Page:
Moove: The Smart Approach to Shared Mobility in Kathmandu


Bibek Shrestha is one of the co-founders of Moove, a ride sharing platform that is solely interested in reducing traffic congestion in Kathmandu and plans to go pan-Nepal. The platform allows people moving from any two points to travel together through any means, whether it may be walking, private vehicles or public transport. Through the platform, both the riders and drivers receive rewards for shared rides. The goal of the company is to help coordinate carpooling in a safe and organized manner. The companies that are providing the rewards for using the platform are affiliated with Moove and gain publicity through the platform. It is a simple and elegant potential solution to Kathmandu’s heavy traffic issue. 
Continue reading to see what Mr. Shrestha has to say about Moove and other projects. 

1. Could you give us a general idea of your idea and organization?  Moove is meant to be a community-based ride sharing platform. It isn’t focused on a single type of transport but can incorporate any mode of transport, even walking. The idea is to increase ride sharing and incentivize it without directly paying people like other ride sharing apps do. The goal is purely to help improve the heavy traffic congestion in an environment-friendly way. After the Indian blockade, there was the “Kathmandu Carpool” group on Facebook which was similar to hitchhiking. We wanted to do the same thing but in a structured way. The users wouldn’t have to pay anything, instead, they would receive rewards and recognition for using the platform. Additionally, if you’re taking a taxi and there are other people who want to go in a similar direction, you can share the ride with them. However, the decision is up to you, you can choose whether or not to share the ride. If you do share the ride, you can split the cost amongst yourselves.

We are a team of three as of now, myself being a banking professional, Bikal Shrestha is a telecom professional based in Nepal and Bishow Shrestha is a full stack developer based in Australia. Moove is still in the development stage, apart from website and mobile application, Progressive Web Application (PWA) is also on the card. Having a PWA means you don’t have to download the app but you get all the app features on the webpage and it’s available on your browser. We’re still in the research phase and we’re taking our time with it because we want to release a finished product.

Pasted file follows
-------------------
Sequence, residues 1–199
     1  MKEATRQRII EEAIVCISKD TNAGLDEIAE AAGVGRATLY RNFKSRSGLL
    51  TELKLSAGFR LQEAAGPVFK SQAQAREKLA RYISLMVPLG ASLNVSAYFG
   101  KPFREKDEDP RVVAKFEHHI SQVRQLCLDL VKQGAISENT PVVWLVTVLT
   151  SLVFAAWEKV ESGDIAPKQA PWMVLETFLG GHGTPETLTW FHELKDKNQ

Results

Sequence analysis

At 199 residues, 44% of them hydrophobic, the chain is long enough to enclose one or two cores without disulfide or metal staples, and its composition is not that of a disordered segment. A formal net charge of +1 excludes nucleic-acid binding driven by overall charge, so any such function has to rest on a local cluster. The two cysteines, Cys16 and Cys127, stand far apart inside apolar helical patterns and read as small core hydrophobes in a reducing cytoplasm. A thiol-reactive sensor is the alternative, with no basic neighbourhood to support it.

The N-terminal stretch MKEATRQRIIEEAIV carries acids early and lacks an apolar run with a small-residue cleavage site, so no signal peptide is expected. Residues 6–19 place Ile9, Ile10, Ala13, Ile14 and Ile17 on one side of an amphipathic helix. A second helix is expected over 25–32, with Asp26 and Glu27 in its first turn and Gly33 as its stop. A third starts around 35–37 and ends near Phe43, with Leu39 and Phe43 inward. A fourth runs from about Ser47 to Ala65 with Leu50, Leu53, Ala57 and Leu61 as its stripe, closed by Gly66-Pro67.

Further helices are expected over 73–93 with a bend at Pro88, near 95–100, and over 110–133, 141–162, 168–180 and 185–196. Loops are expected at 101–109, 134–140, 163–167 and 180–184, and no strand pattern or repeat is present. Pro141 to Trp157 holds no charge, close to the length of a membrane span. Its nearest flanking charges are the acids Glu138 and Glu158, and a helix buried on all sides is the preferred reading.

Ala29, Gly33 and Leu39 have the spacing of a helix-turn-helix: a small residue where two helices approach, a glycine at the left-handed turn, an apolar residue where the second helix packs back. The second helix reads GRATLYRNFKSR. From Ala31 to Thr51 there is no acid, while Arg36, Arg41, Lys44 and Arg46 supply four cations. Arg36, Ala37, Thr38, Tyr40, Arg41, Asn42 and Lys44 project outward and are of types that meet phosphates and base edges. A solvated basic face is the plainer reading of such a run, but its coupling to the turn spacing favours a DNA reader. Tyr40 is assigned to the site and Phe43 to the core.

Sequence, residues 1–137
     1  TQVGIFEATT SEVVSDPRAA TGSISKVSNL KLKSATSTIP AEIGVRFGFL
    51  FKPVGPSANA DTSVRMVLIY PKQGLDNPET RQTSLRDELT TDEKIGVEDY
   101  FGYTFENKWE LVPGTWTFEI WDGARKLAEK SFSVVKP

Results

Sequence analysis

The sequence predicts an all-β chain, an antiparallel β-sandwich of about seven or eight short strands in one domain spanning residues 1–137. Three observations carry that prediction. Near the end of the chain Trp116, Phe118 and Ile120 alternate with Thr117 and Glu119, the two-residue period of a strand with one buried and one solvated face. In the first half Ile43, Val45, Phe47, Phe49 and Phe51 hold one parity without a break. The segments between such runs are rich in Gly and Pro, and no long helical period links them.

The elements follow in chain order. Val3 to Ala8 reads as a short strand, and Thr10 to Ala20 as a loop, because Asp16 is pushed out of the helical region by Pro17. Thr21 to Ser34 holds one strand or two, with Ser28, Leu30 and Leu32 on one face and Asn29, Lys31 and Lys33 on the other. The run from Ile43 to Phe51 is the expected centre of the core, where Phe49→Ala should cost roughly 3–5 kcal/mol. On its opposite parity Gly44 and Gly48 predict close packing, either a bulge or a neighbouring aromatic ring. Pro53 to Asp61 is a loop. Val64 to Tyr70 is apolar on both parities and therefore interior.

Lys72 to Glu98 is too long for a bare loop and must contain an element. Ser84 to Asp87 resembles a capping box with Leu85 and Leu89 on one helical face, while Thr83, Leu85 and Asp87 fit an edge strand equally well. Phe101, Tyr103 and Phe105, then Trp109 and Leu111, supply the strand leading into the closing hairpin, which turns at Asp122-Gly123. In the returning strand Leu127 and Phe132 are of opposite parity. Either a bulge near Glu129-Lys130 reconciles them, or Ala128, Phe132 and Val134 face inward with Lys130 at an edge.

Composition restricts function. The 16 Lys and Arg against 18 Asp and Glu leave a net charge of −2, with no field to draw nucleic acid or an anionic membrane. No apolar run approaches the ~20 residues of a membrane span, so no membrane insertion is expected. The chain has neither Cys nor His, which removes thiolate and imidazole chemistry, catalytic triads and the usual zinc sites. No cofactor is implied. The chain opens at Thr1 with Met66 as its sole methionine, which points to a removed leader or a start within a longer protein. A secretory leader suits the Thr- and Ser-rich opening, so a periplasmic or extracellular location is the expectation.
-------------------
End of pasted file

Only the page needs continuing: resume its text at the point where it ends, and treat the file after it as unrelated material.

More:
2. What are your company’s major challenges?
At the Smart Urban Tech Challenge, we had our MVP but the fact that we had jobs was apparently indicative of a lack of required commitment to our side projects. However, having jobs and other commitments certainly doesn’t mean we aren’t dedicated to our projects, especially in the early phases. 

We’re also doing all the work to develop and promote the application ourselves. If we were to ask a third-party developer to build the app for us, it would cost us four times the actual charges. There’s a lot of other crucial costs that can’t be avoided, but having skilled manpower on board helps us avoid that expense. So it’s a lot of work to balance with our jobs, but we can do it. 

3. When will this be available? Are you working on other ideas? 
We’ll definitely launch this product by 2020. We also have interests in food-tech, hyper-local space and online merchandising. We started with a project called “Fake It Nepal” which is similar to “The Onion” in the U.S. It is themed with sarcastic-journalism and is probably the one and only platform in Nepal, we have a website and an app too with about 70+ articles. It is a humorous satirical news platform. We have 1000 views on average per article. 

4. How will your app compete with the other ride-sharing apps?
I think we have some benefits that the apps right now don’t offer. “Payment less” rides itself is a big one. We reward both the driver and the rider for using the application. We also don’t have to deal with the legal issues that come with other applications because we’re not taking any commission for the rides so we’re not liable for potential violations of the law of the land. Moove is inspired from the business models which exist in US and European markets. Apps like Uber take 20 to 30% commission on each ride and have faced several allegations on many facets.